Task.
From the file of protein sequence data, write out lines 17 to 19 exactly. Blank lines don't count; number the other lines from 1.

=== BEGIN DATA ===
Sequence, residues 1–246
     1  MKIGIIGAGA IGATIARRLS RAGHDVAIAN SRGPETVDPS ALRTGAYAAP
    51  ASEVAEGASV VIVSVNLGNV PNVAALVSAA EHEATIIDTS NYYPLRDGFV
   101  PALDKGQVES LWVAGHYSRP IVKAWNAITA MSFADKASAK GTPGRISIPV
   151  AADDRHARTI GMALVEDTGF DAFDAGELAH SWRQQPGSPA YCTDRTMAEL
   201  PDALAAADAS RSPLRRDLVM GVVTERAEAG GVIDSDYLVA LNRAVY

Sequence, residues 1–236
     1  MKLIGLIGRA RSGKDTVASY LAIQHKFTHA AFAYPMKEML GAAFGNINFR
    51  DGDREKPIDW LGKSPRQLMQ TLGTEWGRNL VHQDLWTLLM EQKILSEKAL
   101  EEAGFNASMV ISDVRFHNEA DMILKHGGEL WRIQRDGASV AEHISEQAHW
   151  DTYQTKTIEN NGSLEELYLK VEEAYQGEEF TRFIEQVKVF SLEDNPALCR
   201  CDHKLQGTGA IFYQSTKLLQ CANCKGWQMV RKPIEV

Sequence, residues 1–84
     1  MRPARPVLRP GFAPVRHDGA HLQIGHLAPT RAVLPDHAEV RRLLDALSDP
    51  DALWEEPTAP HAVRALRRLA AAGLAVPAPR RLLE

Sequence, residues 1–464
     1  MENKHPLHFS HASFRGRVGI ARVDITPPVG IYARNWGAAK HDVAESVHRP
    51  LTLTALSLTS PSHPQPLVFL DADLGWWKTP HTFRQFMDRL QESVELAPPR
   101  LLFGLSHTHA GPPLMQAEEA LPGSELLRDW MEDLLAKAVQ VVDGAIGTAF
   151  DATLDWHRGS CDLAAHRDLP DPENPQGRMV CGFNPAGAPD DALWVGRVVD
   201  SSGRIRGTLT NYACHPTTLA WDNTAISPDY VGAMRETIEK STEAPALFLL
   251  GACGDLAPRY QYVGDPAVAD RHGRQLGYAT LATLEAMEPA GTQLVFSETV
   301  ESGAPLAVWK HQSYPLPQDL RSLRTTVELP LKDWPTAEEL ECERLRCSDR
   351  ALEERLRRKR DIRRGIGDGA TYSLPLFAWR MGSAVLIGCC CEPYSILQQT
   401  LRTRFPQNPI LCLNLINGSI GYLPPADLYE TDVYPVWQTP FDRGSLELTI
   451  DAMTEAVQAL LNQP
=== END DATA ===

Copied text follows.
     1  MENKHPLHFS HASFRGRVGI ARVDITPPVG IYARNWGAAK HDVAESVHRP
    51  LTLTALSLTS PSHPQPLVFL DADLGWWKTP HTFRQFMDRL QESVELAPPR
   101  LLFGLSHTHA GPPLMQAEEA LPGSELLRDW MEDLLAKAVQ VVDGAIGTAF